e-puck2

From GCtronic wiki
Jump to: navigation, search

Hardware

Overview


Specifications

The e-puck2 robot maintains full compatibility with its predecessor e-puck (e-puck HWRev 1.3 is considered in the following table):

Feature e-puck1.3 e-puck2 Compatibility Additional
Size, weight 70 mm diameter, 55 mm height, 150 g Same form factor: 70 mm diameter, 45 mm, 130 g No e-jumper required
Battery, autonomy LiIPo rechargeable battery (external charger), 1800 mAh.
About 3 hours autonomy. Recharging time about 2-3h.
Same battery; USB charging, recharging time about 2.5h. USB charging
Processor 16-bit dsPIC30F6014A @ 60MHz (15 MIPS), DSP core for signal processing 32-bit STM32F407 @ 168 MHz (210 DMIPS), DSP and FPU, DMA ~10 times faster
Memory RAM: 8 KB; Flash: 144 KB RAM: 192 KB; Flash: 1024 KB RAM: 24x more capable
Flash:~7x more capable
Motors 2 stepper motors with a 50:1 reduction gear; 20 steps per revolution; about 0.13 mm resolution Same motors
Wheels Wheels diamater = 41 mm
Distance between wheels = 53 mm
Same wheels
Speed Max: 1000 steps/s (about 12.9 cm/s) Max: 1200 steps/s (about 15.4 cm/s) 20% faster
Mechanical structure Transparent plastic body supporting PCBs, battery and motors Same mechanics
Distance sensor 8 infra-red sensors measuring ambient light and proximity of objects up to 6 cm Same infra-red sensors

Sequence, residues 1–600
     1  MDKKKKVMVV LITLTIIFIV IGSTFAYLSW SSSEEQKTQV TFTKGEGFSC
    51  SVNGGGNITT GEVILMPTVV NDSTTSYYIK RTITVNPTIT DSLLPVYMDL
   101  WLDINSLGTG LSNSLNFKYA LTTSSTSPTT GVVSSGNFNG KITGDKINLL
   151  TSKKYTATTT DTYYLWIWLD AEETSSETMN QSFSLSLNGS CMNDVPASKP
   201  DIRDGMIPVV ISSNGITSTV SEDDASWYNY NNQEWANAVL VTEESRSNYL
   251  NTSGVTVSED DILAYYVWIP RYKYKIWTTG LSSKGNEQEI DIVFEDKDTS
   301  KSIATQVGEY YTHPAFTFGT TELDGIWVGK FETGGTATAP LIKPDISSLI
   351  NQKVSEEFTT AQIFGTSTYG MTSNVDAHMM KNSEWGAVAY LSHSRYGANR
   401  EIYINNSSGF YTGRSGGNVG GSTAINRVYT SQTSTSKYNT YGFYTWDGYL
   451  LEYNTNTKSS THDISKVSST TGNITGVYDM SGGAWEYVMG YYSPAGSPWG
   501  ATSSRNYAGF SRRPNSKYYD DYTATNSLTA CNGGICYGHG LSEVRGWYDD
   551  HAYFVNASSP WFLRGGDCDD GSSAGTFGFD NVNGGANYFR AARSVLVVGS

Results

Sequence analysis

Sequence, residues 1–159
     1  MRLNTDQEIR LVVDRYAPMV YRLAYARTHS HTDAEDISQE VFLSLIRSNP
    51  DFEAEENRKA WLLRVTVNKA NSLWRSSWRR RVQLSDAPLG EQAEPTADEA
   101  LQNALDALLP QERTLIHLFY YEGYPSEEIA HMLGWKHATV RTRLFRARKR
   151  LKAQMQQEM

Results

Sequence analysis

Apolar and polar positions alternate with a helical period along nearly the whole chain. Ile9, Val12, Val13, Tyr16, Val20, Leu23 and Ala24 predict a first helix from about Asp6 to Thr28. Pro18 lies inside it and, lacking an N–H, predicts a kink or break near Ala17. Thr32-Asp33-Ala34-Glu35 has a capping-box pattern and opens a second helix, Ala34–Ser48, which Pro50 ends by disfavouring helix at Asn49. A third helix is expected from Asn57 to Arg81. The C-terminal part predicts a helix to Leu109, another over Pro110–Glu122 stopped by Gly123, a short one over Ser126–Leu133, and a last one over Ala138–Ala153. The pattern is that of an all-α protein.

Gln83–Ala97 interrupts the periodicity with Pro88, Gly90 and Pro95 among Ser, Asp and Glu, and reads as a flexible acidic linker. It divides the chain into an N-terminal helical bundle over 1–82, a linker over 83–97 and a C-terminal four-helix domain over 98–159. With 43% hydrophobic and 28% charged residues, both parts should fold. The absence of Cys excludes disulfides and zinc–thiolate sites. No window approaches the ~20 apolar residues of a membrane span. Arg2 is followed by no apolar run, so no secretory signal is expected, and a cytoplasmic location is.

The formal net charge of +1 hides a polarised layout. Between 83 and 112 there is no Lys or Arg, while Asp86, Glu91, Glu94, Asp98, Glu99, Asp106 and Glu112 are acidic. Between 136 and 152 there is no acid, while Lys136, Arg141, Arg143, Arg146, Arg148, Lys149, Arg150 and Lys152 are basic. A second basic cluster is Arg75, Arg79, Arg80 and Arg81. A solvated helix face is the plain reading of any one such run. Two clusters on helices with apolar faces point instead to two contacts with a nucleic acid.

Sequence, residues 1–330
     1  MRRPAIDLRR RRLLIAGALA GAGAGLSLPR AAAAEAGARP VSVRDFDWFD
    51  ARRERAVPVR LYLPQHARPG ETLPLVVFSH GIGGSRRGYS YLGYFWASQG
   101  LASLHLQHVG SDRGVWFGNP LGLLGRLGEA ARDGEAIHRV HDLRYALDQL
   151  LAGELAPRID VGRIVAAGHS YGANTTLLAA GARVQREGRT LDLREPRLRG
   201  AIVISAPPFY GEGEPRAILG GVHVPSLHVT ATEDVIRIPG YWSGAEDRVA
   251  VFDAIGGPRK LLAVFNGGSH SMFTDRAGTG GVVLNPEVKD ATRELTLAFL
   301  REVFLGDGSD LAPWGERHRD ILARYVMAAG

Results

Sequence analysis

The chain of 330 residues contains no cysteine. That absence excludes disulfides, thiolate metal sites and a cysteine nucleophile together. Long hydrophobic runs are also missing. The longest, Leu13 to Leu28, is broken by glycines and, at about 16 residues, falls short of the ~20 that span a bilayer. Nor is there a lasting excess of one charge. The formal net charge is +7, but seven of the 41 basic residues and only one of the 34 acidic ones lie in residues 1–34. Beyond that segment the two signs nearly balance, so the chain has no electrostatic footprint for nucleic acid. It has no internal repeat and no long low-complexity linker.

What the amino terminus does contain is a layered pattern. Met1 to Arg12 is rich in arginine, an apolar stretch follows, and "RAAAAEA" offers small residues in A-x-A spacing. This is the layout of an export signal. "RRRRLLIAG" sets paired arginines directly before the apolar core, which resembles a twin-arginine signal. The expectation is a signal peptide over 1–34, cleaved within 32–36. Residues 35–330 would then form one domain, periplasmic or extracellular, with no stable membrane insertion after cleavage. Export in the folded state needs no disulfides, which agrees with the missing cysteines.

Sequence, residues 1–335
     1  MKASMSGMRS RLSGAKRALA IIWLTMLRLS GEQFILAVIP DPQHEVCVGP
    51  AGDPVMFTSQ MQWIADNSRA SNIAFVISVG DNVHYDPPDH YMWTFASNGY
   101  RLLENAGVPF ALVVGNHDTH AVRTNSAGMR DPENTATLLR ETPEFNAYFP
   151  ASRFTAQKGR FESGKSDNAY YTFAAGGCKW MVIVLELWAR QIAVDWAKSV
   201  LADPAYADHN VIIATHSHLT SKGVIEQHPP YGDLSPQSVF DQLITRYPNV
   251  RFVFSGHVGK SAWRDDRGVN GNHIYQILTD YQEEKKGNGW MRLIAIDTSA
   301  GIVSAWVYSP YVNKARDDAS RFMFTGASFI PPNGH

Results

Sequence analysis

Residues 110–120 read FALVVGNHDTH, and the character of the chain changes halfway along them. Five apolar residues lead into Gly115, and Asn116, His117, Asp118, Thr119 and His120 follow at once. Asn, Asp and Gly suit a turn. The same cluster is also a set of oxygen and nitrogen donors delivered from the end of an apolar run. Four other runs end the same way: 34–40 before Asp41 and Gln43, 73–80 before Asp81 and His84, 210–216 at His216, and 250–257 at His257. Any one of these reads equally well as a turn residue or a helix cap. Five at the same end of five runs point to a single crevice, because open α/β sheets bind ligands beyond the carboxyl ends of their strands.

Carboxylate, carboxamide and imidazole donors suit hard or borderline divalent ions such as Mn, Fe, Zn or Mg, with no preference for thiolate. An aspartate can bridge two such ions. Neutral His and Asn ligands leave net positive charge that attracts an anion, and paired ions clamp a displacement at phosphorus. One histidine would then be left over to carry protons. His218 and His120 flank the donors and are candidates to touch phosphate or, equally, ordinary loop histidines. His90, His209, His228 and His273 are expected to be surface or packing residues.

Front real distance sensor, Time of fight (ToF), up to 2 meter.
ToF sensor
IMU 3D accelerometer and 3D gyro 3D accelerometer, 3D gyro, 3D magnetometer 3D magnetometer
Camera VGA color camera; typical use: 52x39 or 480x1 Same camera; typical use: 160x120 Bigger images handling
Audio 3 omni-directional microphones for sound localization
speaker capable of playing WAV or tone sounds
4 omni-directional microhpones (digital) for sound localization
speaker capable of playing WAV or tone sounds
+1 front microphone
LEDs 8 red LEDs around the robot, green body light, 1 strong red LED in front 4 red LEDs and 4 RGB LEDs around the robot, green light, 1 strong red LED in front 4x RGB LEDs
Communication RS232 and Bluetooth 2.0 for connection and programming USB Full-speed, Bluetooth 2.0, BLE, WiFi WiFi, BLE
Storage Not available Micro SD slot Micro SD
Remote Control Infra-red receiver for standard remote control commands Same receiver
Switch / selector 16 position rotating switch Same selector
Extensions Ground sensors, range and bearing, RGB panel, Gumstix extension, omnivision, your own All extension supported
Programming Free C compiler and IDE, Webots simulator, external debugger Free C compiler and IDE, Webots simulator, onboard debugger (GDB) Onboard debugger

This is the overall communication schema:

Installation of the e-puck2 environment

Some programs are needed to program the e-puck2.

  1. Eclipse_e-puck2 is a distribution of Eclipse IDE for C/C++ Developers specially modified to edit and compile e-puck2's projects out of the box. It doesn't require to be installed and everything needed is located in the package given. The only dependency needed to be able to run Eclipse is Java.
  2. Drivers must also be installed for Windows older than Windows 10.

Installation for Windows

Java 8 32bits

This section can be ignored if Java version 8 32bits is already installed on your computer.
To verify, you can open the Programs and Features panel and search for a Java 8 Update xxx install.